Gohenry review: monthly costs, charges and how the app works


Updated on 03 September 2019 | 0 Comments

We review the gohenry app, including how much it will cost to help your child learn skills such as saving money and budgeting, what designs are available and how to replace a lost card.

Gohenry is a finance app the lets your kids learn the basics of budgeting and banking without the worry of racking up huge charges or costs.

While it doesn't have all the features of children’s bank accounts, it is available to kids as young as six – most traditional accounts are only available to those aged 11 and over.

Hundreds of thousands of parents and kids are currently using gohenry – an impressive amount considering the £2.99 monthly fee per child.

In this article, we will outline what you can do on the gohenry app and some of the pros and cons.

What is gohenry?

Launched in 2012, gohenry aims to make it easier for parents to give their children the freedom to spend any pocket money in a safe way, while teaching them how to be good with their money.

There’s no overdraft available so there's no risk of your little one racking up debt and charges.

Sadly, while many of the top children's bank accounts offer interest, this isn't an option with gohenry.

Screenshot of gohenry app. (Image: gohenry)

On the upside, there's no need to trek to your local bank branch to set it up. 

You simply download the app, sign up and your child’s prepaid card will arrive within seven working days – no payment details are necessary.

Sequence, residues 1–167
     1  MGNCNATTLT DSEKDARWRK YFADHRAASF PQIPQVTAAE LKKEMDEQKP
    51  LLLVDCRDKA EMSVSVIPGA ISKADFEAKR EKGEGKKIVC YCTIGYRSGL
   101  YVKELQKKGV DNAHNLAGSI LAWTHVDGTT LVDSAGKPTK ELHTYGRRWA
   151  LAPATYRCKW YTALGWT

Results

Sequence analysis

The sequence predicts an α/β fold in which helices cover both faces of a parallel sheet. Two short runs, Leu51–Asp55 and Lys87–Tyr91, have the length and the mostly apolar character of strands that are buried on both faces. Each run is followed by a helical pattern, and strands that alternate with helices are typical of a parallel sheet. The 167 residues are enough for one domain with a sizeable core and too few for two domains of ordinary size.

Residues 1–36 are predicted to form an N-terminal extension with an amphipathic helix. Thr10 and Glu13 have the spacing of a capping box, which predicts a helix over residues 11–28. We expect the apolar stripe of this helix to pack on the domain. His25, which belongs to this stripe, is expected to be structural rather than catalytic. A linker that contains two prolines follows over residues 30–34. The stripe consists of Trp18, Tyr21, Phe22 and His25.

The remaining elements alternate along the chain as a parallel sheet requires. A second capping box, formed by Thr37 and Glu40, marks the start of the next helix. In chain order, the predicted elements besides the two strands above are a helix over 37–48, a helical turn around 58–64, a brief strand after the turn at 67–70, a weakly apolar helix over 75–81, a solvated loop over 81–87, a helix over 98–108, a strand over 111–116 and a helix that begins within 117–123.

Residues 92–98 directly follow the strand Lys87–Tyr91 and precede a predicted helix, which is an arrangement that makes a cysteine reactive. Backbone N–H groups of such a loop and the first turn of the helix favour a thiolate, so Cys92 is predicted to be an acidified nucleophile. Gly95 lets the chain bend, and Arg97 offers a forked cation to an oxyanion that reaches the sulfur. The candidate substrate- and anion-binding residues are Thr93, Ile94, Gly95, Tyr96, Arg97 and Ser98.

Once you get the card, you log into the website or app to activate your parent account and the card.

It’s important to note you need to make a minimum deposit of £2 with your debit card to activate your kid’s account, while the contactless feature won’t kick in until a chip and PIN payment is made.

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Who can get the gohenry app?

As mentioned earlier, parents can get the gohenry app and a prepaid Visa debit card for their kid if they are at least six years old.

According to gohenry, they check your details at sign-up by matching your information against public records such as the electoral roll, Experian and the telephone landline database.

If you aren't on these public records, you will need to contact the company with your full driving license or two forms of ID, including a UK passport, Council Tax bill or bank statement.

Screenshot of gohenry app. (Image: gohenry)

What happens if you lose your card

If your child has lost their gohenry card, you can order a replacement card with the same design on the app free of charge.

Simply login, click 'Cards' at the bottom of the page, select 'New' and then click on 'Replace a lost card.'

If you're happy with the card design and have the correct address, place your order and the new card should arrive in three to five working days.

Changing the card design will cost £4.99. 

You should take into account that the new card needs to be activated and the existing card will be cancelled immediately. 

Unfortunately, you will need to reactivate the contactless feature by paying for something with a chip and PIN payment. 

What you can see

When you log into the parent's app, you’ll see your balance, as well as the balance of your child’s card and their savings in one glance.